I haven’t verified my suspicion with an office-wide survey, but I think I may be City Paper’s resident gun nut. Though not of the same caliber as the folks in Angela Valdez’s gun show entry, I remember watching my grandfather, still wearing his Episcopal clerical collar, clean a .38 revolver at my grandmother’s kitchen table. With equal nostalgia, I remember the first time he took me squirrel hunting and out for target practice (in that order, strangely enough), as well as the day I received one of his rifles as a birthday gift.

I won’t delve too deeply into gun culture other than to say that for many people, especially Southerners, gun ownership is seldom about paranoia or anti-statism. Owning a gun is more transcendental, and speaks to a tradition of self-sufficiency and independence from bureaucracy (exceptions: subsidized farmers). I won’t bore City Desk readers with why DC’s new gun law is a good thing, or why it’ll be even better when it’s set in stone. For a thoughtful discussion on gun laws, check out this month-long debate at Cato Unbound.

Now to the meat of this post: In joyous celebration of the restoration of my rights (and in anticipation of a conceal & carry law in the near future), this gun nut’s wish list*:

1.) Ruger P95: In the words of a friend who can use a pistol to hit “a 2-inch target at 100 meters,” the Ruger 9mm is “like a Ford or Chevrolet—take care of them and they run forever.” It comes from the factory with a 10-round magazine, but can take a 15-round mag, should home defense require it. Why I want it: According to the Ruger website, the gun is “easily maintained and can be field-stripped into five major subassemblies for cleaning, without the need for special tools.” It has the stopping power of a bigger pistol with less recoil. It comes in black, which makes it scary as shit. And It’s compact, which means I can grasp it with my abnormally small hands.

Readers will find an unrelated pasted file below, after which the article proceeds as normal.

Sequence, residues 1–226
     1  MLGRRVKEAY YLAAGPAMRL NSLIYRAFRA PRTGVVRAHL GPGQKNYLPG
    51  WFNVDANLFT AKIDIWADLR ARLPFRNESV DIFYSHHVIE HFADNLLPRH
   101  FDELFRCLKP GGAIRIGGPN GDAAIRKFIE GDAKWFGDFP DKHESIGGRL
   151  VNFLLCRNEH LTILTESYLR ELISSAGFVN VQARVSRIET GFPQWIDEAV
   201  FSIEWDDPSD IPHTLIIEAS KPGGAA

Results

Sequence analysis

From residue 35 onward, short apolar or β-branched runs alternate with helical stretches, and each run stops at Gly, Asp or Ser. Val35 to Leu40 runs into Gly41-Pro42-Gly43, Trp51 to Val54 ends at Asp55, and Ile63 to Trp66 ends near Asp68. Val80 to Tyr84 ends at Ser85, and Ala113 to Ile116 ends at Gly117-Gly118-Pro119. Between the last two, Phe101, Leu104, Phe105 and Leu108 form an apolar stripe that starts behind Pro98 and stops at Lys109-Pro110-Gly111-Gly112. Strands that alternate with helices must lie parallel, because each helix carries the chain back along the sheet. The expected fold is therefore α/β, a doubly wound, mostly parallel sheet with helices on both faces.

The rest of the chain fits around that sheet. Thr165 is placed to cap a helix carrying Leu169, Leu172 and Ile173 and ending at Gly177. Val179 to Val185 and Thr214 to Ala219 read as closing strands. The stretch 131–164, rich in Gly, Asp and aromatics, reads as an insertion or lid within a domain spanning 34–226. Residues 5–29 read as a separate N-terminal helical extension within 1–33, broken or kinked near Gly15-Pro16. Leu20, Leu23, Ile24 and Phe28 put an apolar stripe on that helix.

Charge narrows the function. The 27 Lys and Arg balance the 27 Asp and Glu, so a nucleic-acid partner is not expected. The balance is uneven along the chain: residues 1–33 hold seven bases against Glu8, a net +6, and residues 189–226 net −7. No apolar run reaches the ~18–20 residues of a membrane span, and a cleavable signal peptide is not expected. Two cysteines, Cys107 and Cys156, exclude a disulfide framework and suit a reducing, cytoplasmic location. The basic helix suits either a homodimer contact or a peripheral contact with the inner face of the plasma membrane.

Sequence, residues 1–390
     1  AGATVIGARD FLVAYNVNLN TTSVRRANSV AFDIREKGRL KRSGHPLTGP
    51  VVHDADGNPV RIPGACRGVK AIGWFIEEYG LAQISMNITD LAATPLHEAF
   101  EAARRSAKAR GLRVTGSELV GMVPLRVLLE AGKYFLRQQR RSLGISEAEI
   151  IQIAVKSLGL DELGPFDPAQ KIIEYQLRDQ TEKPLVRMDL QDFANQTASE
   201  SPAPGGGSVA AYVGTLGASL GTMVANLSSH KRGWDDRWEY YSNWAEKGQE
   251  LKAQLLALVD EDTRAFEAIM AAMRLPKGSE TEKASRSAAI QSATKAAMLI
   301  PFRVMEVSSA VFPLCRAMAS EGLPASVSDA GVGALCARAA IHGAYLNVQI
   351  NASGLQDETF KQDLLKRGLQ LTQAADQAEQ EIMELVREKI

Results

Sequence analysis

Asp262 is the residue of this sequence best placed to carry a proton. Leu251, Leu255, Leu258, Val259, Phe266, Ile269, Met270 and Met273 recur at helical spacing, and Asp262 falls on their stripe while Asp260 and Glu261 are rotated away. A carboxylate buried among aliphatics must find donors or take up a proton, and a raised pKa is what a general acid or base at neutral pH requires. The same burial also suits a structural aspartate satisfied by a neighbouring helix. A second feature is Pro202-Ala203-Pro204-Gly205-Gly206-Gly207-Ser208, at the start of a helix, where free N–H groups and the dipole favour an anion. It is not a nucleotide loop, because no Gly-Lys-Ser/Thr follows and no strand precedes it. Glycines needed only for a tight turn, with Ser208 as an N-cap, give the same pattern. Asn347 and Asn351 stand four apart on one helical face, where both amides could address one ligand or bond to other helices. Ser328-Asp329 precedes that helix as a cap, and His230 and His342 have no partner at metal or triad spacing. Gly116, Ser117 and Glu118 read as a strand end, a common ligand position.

2.) Remington 870 or Mossberg 500: Deciding between the 870 and th

e 500—both 12-gauge shotguns—comes down to choosing between the following mottos: “It always goes bang,” or, “Guard dogs have to be fed, walked, groomed, trained. These you just oil.” Both guns are meticulous works of violent art. Both guns have been around for a while. And both guns are available with a dizzying array of “tactical options.” Why I want it: Remember when Marsellus Wallace blew off Zed’s nuts in Pulp Fiction? Ever seen Dawn of the Dead? Heard about that time when some kid blew himself in half playing with his dad’s shotgun? There’s no dodging a five-foot spread of hot scattershot.

3.) S&W .38: The preferred handgun of cops and cool cats alike, the .38 special is the NY Yankees of firearms. While not quite as forgiving as a high-capacity semi-auto, the .38 will knock things down/blow things up/convince scumbags to steer clear of your pad. A speed loader will level the playing field. A 12-inch barrel will change your life. Why I want one: .38 + shoulder holster = B-A-L-L-S.

*Q: Mike, why three guns?

A: I adhere to the placement schematic designed by a wise ole’ fiddle player named Buddy Bass: “One gun on the woman’s side of the bed, one gun on the man’s side of the bed, and a shotgun behind the bedroom door.”